Nap pods. Stairs replaced with slides. A full-size Ferris wheel. No, I am not talking about an adult arcade hall. These are all real ways companies try to keep people happy. I even know someone whose company installed a ball pit. He said it was fun for a moment. But it ultimately became an office joke (and a great way to hide colleagues’ pens).
Yes, everyone deserves to be happy at work. But these companies are trying so hard and getting it all wrong.
Enter the Chief Happiness Officer. These people analyze feelings and hold sessions about their findings. They develop get-happy policies and send out surveys. And some redesign the workspace to include “happy perks” like ball pits and craft beer.
But does that focus on happiness make anyone happier? One study suggests the answer is no. It found that the more we zero-in on happiness — by doing things like hiring a Chief Happiness Officer — the more likely we are to feel disappointed.
No single person holds the key to our happiness — no matter what their title is or how many perks they bring into the office.
Real happiness — meaningful happiness — is steeped in a company’s purpose and values. It does not vanish when the ping-pong table breaks or the beer tap runs dry. It is sustainable. And it happens when people are able to work hard and enjoy each other’s company.
So, if a Chief Happiness Officer cannot do that, what can? It does not happen overnight. To be sustainable you have to build that happy foundation over time, smile by smile. And you can be a part of it, no matter what your job title may be.
Here are the five key building blocks that lead to happiness at work:
We all want to feel that our work matters. Sure, not every day will be a thrilling challenge. But that is why it is important that leaders create transparency — sharing the connection between the strategy and the work. People need to understand how work fits into the bigger picture. Having that clarity gives you a sense of purpose. So even your most mundane days will feel like a meaningful part of achieving the greater plan.
We all need to have the skills to succeed in our jobs — that is a given. But happiness comes from mastering those skills. That means honing what you know and continually learning. It also means doing what you can to teach others. Do you have domain expertise to share? A new certification? If it would be beneficial to your teammates, take action. It does not have to be a formal thing. But a team that keeps learning is more likely to be a happy one.
We all want to keep growing. No one is happy with being stagnant. That means being challenged to do your best. And a company that acknowledges effort and offers opportunities for advancement. If that is not your situation, you might need to seek out your own challenges. Maybe that means volunteering for a new project, reaching out to a mentor, or becoming one yourself.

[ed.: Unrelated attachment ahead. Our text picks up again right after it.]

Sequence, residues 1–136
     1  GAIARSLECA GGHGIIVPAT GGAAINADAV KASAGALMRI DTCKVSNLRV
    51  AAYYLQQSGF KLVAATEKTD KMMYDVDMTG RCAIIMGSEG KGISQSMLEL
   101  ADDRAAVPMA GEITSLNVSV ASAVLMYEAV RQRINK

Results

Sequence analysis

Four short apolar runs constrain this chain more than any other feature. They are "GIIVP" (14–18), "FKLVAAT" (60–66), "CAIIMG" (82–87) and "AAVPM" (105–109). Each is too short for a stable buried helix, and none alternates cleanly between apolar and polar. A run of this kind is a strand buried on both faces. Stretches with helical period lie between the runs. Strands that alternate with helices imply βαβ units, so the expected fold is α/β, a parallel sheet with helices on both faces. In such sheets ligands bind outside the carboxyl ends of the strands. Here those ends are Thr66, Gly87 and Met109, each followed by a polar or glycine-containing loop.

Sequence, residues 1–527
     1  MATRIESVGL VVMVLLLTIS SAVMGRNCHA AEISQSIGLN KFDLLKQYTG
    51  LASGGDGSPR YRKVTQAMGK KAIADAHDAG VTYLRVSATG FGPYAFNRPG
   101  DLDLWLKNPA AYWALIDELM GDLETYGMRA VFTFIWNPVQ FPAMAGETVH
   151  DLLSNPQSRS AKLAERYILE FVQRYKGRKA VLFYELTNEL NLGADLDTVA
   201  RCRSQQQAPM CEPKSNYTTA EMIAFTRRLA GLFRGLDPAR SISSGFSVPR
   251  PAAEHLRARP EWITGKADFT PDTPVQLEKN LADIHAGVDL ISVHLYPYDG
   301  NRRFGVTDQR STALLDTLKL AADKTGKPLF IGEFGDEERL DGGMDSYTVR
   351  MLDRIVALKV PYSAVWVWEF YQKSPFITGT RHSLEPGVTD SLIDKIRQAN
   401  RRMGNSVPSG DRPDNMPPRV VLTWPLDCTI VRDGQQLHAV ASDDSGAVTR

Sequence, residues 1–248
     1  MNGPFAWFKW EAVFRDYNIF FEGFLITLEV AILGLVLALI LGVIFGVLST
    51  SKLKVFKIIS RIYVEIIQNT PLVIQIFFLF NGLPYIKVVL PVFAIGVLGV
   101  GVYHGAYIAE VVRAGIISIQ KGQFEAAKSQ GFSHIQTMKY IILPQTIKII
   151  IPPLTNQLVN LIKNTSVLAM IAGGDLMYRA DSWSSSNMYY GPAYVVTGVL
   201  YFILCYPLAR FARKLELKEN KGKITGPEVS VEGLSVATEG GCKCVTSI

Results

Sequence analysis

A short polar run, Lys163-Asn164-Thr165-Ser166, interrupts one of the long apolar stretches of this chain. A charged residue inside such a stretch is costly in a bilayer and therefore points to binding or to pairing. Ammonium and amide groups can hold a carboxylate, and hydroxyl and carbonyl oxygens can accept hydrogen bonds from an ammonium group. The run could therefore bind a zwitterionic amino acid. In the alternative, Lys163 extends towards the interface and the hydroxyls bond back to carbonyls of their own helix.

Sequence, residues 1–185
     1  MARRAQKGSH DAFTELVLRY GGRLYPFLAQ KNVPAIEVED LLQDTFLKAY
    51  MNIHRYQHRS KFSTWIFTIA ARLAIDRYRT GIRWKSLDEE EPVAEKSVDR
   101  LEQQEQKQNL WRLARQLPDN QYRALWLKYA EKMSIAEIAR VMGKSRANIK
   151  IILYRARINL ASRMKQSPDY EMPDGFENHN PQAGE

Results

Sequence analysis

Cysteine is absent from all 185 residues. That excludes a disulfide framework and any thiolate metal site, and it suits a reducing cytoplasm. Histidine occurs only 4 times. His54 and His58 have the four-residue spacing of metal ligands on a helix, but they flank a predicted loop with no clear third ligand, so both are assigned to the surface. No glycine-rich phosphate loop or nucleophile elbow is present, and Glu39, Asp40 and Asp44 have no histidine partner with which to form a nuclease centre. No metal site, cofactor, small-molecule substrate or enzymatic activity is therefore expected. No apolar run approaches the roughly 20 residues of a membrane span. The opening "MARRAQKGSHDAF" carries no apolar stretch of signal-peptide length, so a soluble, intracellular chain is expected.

We all deserve to feel valued and trusted. It is fundamental to delivering great work and being happy doing it. Respect is not just for some. Leaders especially cannot demand it from the team and then not give it back. Every day — in every action you take — you will add to (or deplete) your team’s supply of respect. Respect is also not about being polite. You add to it by making an effort to always listen, respond quickly, ask thoughtful questions, give honest feedback, and share your gratitude.
We all want to feel passionate about what we do. Passion is fuel for happy work — giving us joy when we have a win and getting us through disappointments. However, I know this is the ideal and not always the reality. Maybe you do not feel passionate about your job some days (or ever). Do not be discouraged. This does not mean happiness is beyond reach. But it might mean that you need to focus more on the other building blocks above. Or, if given the opportunity, pursue more fulfilling work.
Happy hours, dart-throwing competitions, and goofy gimmicks are just that — gimmicks. And the happiness you get from them will be fleeting.
What is not fleeting is a workplace where people are encouraged and supported. That is the foundation for sustainable happiness. And we can all contribute to building sustainable happiness at work. There is no formal title required.
So, be a part of adding to that foundation. It is not easy and you will be challenged on the way. But do your best to create joy and top it off with a sense of humor and kindness, too. You just might find that you are happier for it.
What “happiness perks” have you seen fail?